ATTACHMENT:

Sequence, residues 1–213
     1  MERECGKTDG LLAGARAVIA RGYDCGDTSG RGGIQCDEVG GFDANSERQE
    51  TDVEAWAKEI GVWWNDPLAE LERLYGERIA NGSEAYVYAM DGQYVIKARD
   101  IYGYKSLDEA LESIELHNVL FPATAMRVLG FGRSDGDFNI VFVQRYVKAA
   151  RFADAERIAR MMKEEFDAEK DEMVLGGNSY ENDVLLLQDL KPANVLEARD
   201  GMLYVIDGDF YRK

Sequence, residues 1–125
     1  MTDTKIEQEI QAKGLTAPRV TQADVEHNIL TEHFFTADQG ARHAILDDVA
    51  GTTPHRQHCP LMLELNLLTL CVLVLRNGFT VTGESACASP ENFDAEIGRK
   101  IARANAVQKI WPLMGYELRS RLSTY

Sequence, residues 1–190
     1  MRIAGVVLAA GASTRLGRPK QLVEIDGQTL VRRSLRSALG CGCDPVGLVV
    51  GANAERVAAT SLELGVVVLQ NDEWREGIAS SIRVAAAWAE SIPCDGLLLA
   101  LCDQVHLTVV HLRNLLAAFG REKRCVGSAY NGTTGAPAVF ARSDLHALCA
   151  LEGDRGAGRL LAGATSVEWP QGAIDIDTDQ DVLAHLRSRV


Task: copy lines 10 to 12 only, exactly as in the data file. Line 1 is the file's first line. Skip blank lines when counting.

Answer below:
   101  IARANAVQKI WPLMGYELRS RLSTY

Sequence, residues 1–190
     1  MRIAGVVLAA GASTRLGRPK QLVEIDGQTL VRRSLRSALG CGCDPVGLVV